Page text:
This compendium collects ten articles from the first half of 2023 reflecting most important findings for the future of the energy transition.

Human-caused climate change is poised to heavily strain the U.S. power grid in the coming decades, and vast improvements are needed to enhance its reliability and ability to meet increasing electricity demands, experts say.

Why it matters: The effects of new weather extremes on the grid may be seen throughout the summer if intense heat waves trigger energy demand spikes that test the limits of power infrastructures nationwide, officials have warned.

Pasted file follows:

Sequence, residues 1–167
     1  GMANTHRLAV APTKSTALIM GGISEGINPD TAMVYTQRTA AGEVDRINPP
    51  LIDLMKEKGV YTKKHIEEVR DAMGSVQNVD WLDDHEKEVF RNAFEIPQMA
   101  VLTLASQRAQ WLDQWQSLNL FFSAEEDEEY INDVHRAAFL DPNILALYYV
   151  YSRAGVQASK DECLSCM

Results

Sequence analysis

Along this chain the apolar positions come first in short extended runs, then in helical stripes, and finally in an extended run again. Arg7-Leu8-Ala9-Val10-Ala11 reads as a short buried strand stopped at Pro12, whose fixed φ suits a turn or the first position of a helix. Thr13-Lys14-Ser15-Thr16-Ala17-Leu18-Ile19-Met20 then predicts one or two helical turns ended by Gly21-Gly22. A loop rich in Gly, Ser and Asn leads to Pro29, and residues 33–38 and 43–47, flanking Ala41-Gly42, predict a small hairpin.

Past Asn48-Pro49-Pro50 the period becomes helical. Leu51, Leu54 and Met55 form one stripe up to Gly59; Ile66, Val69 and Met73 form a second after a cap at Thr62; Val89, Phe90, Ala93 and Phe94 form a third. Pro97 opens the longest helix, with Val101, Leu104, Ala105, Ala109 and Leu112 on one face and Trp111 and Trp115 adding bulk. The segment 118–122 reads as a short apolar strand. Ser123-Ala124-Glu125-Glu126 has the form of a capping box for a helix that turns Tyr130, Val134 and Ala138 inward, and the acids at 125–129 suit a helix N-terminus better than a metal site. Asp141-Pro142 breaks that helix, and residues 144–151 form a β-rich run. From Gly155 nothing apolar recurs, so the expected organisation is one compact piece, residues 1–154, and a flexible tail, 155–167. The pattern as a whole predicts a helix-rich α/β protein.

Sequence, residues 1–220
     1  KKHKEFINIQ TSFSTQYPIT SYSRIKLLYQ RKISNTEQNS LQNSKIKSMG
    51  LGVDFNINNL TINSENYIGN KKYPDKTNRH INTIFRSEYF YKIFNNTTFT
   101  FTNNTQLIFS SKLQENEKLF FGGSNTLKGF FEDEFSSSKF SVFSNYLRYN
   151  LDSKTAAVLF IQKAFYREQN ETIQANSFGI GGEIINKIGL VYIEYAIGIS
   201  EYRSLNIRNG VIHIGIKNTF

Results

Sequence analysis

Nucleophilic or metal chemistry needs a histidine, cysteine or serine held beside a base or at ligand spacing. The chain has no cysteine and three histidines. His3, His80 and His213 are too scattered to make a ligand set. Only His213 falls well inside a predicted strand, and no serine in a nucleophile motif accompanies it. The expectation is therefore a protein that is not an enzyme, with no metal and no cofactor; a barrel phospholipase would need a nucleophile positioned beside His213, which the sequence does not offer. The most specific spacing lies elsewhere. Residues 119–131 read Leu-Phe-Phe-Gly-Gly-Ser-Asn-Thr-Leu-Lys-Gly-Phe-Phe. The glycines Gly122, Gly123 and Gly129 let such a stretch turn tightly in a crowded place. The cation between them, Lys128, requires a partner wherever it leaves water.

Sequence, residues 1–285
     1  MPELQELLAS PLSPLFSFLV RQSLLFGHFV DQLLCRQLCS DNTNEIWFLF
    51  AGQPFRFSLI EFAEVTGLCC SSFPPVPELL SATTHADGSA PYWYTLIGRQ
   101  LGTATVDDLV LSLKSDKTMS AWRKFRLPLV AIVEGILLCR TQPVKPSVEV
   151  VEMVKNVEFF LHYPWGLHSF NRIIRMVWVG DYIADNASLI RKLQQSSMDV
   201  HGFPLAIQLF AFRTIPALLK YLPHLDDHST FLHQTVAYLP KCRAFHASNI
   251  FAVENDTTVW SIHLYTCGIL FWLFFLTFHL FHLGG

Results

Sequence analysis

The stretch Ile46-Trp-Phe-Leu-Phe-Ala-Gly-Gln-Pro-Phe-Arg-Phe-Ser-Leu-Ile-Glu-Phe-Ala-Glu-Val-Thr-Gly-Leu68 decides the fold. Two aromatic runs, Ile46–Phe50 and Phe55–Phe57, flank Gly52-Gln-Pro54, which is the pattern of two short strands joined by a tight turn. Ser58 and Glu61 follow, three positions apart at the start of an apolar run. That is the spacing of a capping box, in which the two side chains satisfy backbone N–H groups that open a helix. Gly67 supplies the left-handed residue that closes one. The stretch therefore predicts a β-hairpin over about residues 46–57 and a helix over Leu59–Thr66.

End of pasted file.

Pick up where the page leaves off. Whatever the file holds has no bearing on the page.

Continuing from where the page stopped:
• “We’re designing our energy systems today for the past 50 years of weather and not the next 50 years of weather, and that’s a problem,” Melissa Lott, research director of Columbia University’s Center on Global Energy Policy, told Axios.

Threat level: The North American Electric Reliability Corporation (NERC), a nonprofit that oversees the reliability of the North American power grids, warned in an assessment last month that two-thirds of the continent face an elevated risk of energy shortfalls this summer if extreme heat events occur.